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Kino Flo Celeb 200 DMX LED Lighting Kit

Gear Talk

One of the newest lighting kits we have here at BorrowLenses is the Celeb 200 DMX LED from Kino Flo.  The Celeb features 100 watts of lustrous, soft white light, which can be programmed to display a range between 2700K to 5500K, without changing the light output. Perfect for videography and filming with a warm or cool lighting tone without having to make color temperature edits in post-processing. It also features a DMX lighting connection to be used with control boxes for video and stage productions.

One of our resident portrait photographer, Alex 2.0, took it for a shoot recently and let us know her impressions.

The Celeb is very easy to use right out of the box and produces very nice, natural looking light with very little preparation. In this simple profile portrait, the light is placed about 2 feet from the subject, tilted at about a 45 degree angle, set to a temperature of 5500K and dimmed to about 39%. The 90 degree grid that comes with the kit in combination with the right exposure in-camera, allowed for nice, focused light on the subject and a dark background despite the portrait being shot in a bright white bedroom. If you are unsure of your preferred color temperature, there are handy presets available at the push of a button. What is nice about continuous lighting such as this is that, typically, what you see is what you get. It is also, of course, indispensable for video production lighting and handy for photographing animals since there is no popping flash, which can be startling.

However, the kit is only 100 Watts. This will produce less light for photographers who are used to 200Ws strobes and higher. Other observations:

  • This kit is HEAVY (approximately 15lbs). Use of a C Stand (which we do not rent due to their bulk and weight) is strongly recommended.
  • Generally takes up more room than a strobe head. Something to consider when shooting in tight spaces.
  • Your model’s make-up won’t melt under these lights–they stay nice and cool.
  • The grid is plastic and feels delicate. Be mindful of that when renting this.

The Kino Flo Celeb 200 provides a great lighting solution when color temperature and a steady light output are needed. If you wanted something a little smaller and portable, while providing more light, the Kino Flo Diva-Lite 400 Kit could make for a better alternative.

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Comments

  • Ryan says:

    “However, the kit is only 100 Watts. This will produce less light for photographers who are used to 200W strobes and higher.”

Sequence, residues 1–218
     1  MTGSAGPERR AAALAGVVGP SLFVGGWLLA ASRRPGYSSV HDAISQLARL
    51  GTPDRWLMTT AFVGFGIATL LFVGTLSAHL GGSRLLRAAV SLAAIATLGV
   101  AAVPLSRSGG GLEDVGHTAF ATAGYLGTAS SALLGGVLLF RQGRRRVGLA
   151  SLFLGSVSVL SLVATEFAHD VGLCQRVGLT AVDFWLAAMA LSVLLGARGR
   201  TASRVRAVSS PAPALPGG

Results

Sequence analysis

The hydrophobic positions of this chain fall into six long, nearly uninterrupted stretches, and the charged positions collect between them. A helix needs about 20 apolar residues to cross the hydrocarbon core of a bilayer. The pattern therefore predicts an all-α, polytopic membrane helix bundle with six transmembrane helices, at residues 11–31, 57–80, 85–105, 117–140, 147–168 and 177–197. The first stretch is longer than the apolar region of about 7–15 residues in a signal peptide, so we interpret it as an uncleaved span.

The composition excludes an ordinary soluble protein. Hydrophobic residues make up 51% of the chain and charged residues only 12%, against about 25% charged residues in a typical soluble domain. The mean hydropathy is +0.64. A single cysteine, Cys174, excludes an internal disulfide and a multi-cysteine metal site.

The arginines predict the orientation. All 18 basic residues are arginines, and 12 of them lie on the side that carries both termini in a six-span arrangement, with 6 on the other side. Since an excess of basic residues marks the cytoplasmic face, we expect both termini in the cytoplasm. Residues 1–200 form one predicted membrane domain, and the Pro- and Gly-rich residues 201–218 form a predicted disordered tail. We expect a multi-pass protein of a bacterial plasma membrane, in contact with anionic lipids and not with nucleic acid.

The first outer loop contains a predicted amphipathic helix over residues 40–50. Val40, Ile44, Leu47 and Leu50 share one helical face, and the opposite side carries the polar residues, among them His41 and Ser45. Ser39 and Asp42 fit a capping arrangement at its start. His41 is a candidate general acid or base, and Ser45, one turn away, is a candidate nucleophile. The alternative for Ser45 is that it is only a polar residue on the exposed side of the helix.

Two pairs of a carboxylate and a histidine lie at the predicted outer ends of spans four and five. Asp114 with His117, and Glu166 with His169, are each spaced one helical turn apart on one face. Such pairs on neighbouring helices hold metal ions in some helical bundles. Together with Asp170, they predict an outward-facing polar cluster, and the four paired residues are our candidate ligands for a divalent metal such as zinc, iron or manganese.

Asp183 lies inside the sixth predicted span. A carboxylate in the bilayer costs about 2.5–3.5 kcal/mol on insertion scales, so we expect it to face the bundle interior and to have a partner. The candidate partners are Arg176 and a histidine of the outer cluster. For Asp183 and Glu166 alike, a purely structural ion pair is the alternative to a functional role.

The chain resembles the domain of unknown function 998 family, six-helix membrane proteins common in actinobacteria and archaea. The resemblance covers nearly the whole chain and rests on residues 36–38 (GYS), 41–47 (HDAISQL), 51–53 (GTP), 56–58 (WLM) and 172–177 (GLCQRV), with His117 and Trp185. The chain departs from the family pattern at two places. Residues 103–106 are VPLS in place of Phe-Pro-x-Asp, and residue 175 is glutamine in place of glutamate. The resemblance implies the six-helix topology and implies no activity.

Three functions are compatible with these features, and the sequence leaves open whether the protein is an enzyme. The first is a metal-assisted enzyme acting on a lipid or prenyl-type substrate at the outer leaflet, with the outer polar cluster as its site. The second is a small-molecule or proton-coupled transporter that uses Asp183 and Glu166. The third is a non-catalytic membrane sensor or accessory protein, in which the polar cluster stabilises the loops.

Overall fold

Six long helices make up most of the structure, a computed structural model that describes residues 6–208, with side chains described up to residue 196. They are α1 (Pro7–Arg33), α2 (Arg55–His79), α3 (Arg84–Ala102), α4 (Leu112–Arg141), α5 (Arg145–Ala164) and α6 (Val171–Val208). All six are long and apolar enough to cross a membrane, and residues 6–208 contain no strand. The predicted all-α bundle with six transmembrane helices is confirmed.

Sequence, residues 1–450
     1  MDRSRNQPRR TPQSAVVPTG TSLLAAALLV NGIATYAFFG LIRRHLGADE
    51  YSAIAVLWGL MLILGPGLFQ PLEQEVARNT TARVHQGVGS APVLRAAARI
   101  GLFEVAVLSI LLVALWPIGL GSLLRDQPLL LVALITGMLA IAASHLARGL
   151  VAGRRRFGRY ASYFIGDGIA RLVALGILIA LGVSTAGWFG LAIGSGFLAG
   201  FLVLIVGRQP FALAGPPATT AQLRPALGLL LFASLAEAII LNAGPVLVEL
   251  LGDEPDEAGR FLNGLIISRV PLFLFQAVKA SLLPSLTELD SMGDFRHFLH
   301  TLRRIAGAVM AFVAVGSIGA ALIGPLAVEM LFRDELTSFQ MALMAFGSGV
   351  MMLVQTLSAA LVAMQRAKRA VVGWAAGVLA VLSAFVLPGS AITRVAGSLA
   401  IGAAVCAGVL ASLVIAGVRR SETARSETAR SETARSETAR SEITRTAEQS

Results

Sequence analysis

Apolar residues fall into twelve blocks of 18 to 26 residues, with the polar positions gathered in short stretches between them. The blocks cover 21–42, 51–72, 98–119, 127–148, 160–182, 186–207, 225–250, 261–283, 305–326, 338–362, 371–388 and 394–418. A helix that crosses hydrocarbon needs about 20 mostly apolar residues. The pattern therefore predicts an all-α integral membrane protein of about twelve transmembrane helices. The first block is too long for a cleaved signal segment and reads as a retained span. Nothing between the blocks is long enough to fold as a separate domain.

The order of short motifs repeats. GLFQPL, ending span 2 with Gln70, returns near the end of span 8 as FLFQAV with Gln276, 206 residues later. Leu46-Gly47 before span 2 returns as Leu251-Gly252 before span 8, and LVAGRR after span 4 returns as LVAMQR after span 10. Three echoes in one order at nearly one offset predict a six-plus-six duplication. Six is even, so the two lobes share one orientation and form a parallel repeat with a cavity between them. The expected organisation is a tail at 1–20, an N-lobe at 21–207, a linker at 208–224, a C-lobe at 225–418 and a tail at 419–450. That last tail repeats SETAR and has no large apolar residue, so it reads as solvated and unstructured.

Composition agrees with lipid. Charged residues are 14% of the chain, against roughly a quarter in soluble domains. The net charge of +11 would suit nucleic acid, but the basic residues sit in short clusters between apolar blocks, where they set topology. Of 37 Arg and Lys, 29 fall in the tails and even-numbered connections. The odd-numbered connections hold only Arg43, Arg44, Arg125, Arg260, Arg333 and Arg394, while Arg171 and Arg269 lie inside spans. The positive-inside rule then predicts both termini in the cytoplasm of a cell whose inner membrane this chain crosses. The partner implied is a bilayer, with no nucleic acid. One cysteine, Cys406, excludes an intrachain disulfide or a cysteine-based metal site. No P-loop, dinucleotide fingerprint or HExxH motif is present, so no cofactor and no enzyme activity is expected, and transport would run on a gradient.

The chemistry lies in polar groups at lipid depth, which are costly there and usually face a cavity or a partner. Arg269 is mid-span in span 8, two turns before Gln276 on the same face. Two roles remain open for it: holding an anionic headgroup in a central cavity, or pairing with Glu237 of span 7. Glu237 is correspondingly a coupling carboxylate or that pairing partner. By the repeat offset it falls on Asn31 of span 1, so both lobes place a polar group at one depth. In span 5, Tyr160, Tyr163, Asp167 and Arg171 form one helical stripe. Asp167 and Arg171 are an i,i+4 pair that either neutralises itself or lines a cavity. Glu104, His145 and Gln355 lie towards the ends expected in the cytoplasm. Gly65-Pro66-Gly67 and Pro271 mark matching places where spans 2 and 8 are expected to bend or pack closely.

100 watt LEDs are the functional equivalent to 750 watt tungsten lights. So it should be producing a far amount more power than 200 watt strobes… Unless you’re shooting with 4 strobes in the same spot. The brightness vs power consumption is the main reason people will probably be looking at this kit.

  • Alex 2.0 says:

    What should have also been mentioned above is the affect of watt-seconds. 750 Watts of continuous light delivers much less useful light than a 750 Watt-second strobe. To find the equivalency, multiply the continuous light’s Watt rating x’s the shutter speed in seconds to get the Watt-seconds of energy used by the light during the exposure. For example, a 1200 watt/second strobe puts out about the same light in 1/500th of a second as a 1200 watt tungsten light does in one second. Continuous Watts at a shutter speed of one second are equivalent to Watt-seconds, but as you shorten the shutter speed the continuous lights deliver less exposure to the sensor as a strobe would–if that makes sense. To quote Paul Buff: “The exposure from continuous light sources is dependant on camera exposure time, while camera exposure time with flash has no effect on the exposure as long as the shutter is open during the brief instant the flash fires.” In order to compare strobe wattage with that of a continuous light source, you really need to take into account how much power is used in a given time.

    Thinking of it this way, then what would a 750W tungsten light be the equivalent to for a strobe? Depends on the shutter speed you want to use. The equivalency will be determined by what shutter speed you want to shoot at and if is anything faster than 1 second, then even a weaker strobe will out-power the Kino.

    Sorry we took so long to respond to this! And we should have been more clear above. Thanks for the comment and your readership!

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